More Fun with Colored Boxes

puzzle pieces

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If you missed the earlier lessons, you should start at the beginning.

Also, if you’re coming to this page from somewhere else, this is the second part of the layout lesson. You really should at least look at the previous part of this lesson before trying to work your way through this page. Otherwise, nothing will make sense.

As previously noted: I’m adapting this from the initial layout lesson provided by Ian Lloyd, with some input from WestCiv.

Two Steps Forward, One Step Back

So far we’ve produced a nice little page, nothing fancy, but with some little twists and fillips that we haven’t done before.

Now let’s do something terrible. Let’s upend everything.

Add this to the bottom of your CSS file:

#header, #sidebar, #maincontent {
   position: absolute;

Here’s what it should look like.

Aiieee! We’ve wrecked it! Everything is slammed up to the left, on top of one another, a terrible mess.

Why did we do that? Because we need to absolutely position those elements so we can get this layout in order. Don’t worry, we’re about to fix the mess we’ve made.

More about positioning.

Now we’re going to start moving elements around so they fit under one another. Add this to your #sidebar CSS rule:

   top: 100px;

Do the same for the #maincontent CSS rule.

Here’s what it should look like.

We’re making some progress in moving elements around, but we haven’t repaired the damage yet.

Now we want to move the #maincontent element to the right, so it sits nicely beside the sidebar. We made the sidebar 220 pixels in width. Let’s move the maincontent 230 pixels to the right.

Add this to your #maincontent CSS rule:

   left: 230px;

Here’s what it should look like.

Hey, this is starting to come together!

We couldn’t have done that without knocking everything askew with that absolute positioning command.

Now, let’s make everything stretch across the page instead of having it no wider than the text. Add this to the #header CSS rule:

   width: 100%;

We’re through with needing the red borders any longer. Remember this?

#header, #brand, #tagline, #sidebar, #maincontent {
   border: 1px solid red;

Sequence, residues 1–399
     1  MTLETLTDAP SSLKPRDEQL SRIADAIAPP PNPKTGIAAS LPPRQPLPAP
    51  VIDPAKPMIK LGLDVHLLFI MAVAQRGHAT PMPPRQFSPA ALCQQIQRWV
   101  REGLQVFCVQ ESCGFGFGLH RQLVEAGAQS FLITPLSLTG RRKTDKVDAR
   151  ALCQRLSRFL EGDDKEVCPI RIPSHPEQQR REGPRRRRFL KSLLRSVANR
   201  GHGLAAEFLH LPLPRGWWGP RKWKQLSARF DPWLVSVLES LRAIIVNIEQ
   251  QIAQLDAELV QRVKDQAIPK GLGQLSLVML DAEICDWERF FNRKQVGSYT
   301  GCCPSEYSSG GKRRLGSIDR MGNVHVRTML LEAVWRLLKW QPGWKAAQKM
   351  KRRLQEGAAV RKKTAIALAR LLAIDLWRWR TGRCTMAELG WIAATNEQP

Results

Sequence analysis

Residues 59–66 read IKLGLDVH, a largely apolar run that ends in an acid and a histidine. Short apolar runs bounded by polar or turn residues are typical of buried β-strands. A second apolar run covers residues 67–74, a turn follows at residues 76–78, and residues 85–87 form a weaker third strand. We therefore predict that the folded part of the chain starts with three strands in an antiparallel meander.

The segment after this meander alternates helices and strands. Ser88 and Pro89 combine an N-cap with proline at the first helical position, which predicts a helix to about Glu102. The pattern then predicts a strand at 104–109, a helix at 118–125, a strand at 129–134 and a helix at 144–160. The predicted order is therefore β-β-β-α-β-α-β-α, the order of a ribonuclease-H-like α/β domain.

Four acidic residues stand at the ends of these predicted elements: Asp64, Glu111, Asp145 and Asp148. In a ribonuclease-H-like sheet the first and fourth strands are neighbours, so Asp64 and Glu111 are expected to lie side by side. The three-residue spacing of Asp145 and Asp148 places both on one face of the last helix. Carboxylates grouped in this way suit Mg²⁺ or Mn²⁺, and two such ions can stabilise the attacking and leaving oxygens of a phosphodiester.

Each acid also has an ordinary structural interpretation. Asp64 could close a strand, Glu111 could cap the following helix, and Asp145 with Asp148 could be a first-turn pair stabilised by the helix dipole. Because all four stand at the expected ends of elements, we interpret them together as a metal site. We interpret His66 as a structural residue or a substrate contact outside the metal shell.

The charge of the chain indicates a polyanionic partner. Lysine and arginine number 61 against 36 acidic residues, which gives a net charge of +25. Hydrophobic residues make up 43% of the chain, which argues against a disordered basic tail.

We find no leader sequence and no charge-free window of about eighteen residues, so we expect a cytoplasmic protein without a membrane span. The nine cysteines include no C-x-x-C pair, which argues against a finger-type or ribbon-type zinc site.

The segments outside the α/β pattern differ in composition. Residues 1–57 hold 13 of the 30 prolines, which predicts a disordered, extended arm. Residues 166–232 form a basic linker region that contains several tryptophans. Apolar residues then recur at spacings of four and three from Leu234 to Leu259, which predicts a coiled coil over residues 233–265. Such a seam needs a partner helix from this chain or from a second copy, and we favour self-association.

padding: 2px;
   margin-bottom: 2px;

Delete the whole thing.

Here’s what it should look like.

Not there yet, are we? We need to play with some position values. The pink sidebar is a bit too high, and we could use some breathing room at the bottom of the header.

Delete the margin: 0 selector from your #brand CSS rule, and replace it with this:

   margin-bottom: 10px;

Next, let’s move that #sidebar down a bit. Delete the top: 100px; selector and replace it with this:

   top: 110px;

While we’re tidying up (and “pixel positioning”, as some designers call it), let’s move the #maincontent material down just a bit. Delete the top: 100px; selector and replace it with this:

   top: 117px;

At least on my computer, this brings the top line of the main content area’s text precisely in line with the top of the Navigation Link header in the sidebar.

And just for looks, let’s add some borders to the sidebar.

Add this to your #sidebar CSS rule:

   border-right: 1px solid #27408b;
   border-bottom: 1px solid #27408b;

Here’s what it should look like.


Are we through? Of course not. We need to do something about those boring navigation links. We’ll do that in a moment.

Have you noticed something? This design is missing a common element of Web pages: the footer. Why is that? It’s because that when we use this particular kind of positioning, we run into problems with “non-sticky” footers that don’t stay where they belong. Had we included a footer in this page, and added enough content to require us to scroll to the bottom of the page, we would have run into a problem with our footer intruding into the rest of the layout. (Hence the term “sticky footer,” which forces a footer to stay where it belongs, at the bottom of the page.) There are numerous methods of forcing footers to stick: my friend Rayzur from SitePoint provides us with one very clean solution. But for now, we’ll go footer-less.

Notice that almost everything we did involved the CSS: nothing involved the HTML. We could structure fifty pages using this same CSS layout, and when we wanted to change it, we could merely change that one CSS file, upload it, and bing! fifty pages now look different.

Time for another break. Go pet the cat, have some coffee, mow the lawn, ride your bike, do something besides having your head rammed inside the computer. We’ll fix the navigation scheme in the next lesson.

On to the next page!